The Royal Navy was no doubt relieved to have such a white elephant off its books...
decks for her future complement of 60 boys and 12 adult officers, engineers and instructors.
Almost all of the 527 cadets who completed the 18-month cadetship aboard her over the next 14 years were destined to become sailors aboard merchant vessels (only 25 were to join the navy). And a thorough grounding it was.
The discipline was man-o-war style, training these youngsters in sail-handling, all-round seamanship, engine-room skills, signalling, gunnery and small-boat sailing. Every year during early summer Amokura would do the rounds of New Zealand’s sub-antarctic islands, servicing the cast-away depots and remote lighthouses, largely under sail.
It must have been a tough exercise in toughening-up for these boys who these days would be barely out of intermediate school. Captain Hooper has been lauded as a “liberal master, showing tactfulness and understanding in dealing with the youths under his control.” However, reading the accounts of lads like Barbara’s greatuncle Albert, the ship’s discipline would these days be considered pretty tough:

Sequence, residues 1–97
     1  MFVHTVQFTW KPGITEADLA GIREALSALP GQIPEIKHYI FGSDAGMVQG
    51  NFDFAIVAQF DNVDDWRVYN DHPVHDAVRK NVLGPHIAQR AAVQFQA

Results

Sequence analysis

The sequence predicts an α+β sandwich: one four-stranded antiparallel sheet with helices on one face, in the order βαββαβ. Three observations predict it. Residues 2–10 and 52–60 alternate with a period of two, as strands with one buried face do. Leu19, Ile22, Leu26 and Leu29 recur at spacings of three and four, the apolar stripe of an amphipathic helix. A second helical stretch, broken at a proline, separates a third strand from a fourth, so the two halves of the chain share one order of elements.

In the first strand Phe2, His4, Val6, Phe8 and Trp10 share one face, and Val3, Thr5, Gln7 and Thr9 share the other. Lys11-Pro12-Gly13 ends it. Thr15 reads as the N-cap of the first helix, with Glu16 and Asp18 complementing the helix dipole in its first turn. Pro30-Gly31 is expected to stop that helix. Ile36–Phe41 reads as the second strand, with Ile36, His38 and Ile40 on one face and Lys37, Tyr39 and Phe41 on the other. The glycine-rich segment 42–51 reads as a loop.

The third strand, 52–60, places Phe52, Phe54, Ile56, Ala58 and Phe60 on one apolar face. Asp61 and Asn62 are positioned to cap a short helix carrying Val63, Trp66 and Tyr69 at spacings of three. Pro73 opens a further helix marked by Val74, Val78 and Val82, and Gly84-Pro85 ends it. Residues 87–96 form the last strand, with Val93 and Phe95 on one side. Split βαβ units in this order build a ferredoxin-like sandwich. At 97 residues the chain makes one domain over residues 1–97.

“The instructors all carried switches or wands with them. You stepped out of line in any way at all, cheeky or
ABOVE She even appeared on postcards of the era.
FAR LEFT She spent years moored at Queen’s Wharf, storing coal from the Westport mines.